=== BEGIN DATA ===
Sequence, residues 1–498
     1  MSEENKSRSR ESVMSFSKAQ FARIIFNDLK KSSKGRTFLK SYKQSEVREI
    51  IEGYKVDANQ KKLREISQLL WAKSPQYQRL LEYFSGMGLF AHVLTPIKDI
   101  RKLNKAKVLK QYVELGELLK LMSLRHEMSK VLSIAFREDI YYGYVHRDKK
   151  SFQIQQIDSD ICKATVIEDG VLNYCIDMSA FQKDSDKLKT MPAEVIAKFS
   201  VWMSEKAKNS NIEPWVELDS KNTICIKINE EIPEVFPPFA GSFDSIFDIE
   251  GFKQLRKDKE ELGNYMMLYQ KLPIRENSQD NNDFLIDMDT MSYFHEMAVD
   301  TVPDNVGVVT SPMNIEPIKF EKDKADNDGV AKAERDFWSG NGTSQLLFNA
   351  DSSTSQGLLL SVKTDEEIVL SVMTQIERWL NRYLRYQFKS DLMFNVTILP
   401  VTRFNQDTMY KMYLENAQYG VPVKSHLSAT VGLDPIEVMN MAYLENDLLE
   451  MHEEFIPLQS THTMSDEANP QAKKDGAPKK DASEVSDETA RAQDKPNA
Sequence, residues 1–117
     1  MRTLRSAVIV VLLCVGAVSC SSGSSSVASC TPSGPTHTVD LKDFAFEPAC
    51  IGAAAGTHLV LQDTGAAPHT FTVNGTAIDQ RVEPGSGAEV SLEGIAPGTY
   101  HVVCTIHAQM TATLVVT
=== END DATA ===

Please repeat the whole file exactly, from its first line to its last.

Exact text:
Sequence, residues 1–498
     1  MSEENKSRSR ESVMSFSKAQ FARIIFNDLK KSSKGRTFLK SYKQSEVREI
    51  IEGYKVDANQ KKLREISQLL WAKSPQYQRL LEYFSGMGLF AHVLTPIKDI
   101  RKLNKAKVLK QYVELGELLK LMSLRHEMSK VLSIAFREDI YYGYVHRDKK
   151  SFQIQQIDSD ICKATVIEDG VLNYCIDMSA FQKDSDKLKT MPAEVIAKFS
   201  VWMSEKAKNS NIEPWVELDS KNTICIKINE EIPEVFPPFA GSFDSIFDIE
   251  GFKQLRKDKE ELGNYMMLYQ KLPIRENSQD NNDFLIDMDT MSYFHEMAVD
   301  TVPDNVGVVT SPMNIEPIKF EKDKADNDGV AKAERDFWSG NGTSQLLFNA
   351  DSSTSQGLLL SVKTDEEIVL SVMTQIERWL NRYLRYQFKS DLMFNVTILP
   401  VTRFNQDTMY KMYLENAQYG VPVKSHLSAT VGLDPIEVMN MAYLENDLLE
   451  MHEEFIPLQS THTMSDEANP QAKKDGAPKK DASEVSDETA RAQDKPNA
Sequence, residues 1–117
     1  MRTLRSAVIV VLLCVGAVSC SSGSSSVASC TPSGPTHTVD LKDFAFEPAC
    51  IGAAAGTHLV LQDTGAAPHT FTVNGTAIDQ RVEPGSGAEV SLEGIAPGTY
   101  HVVCTIHAQM TATLVVT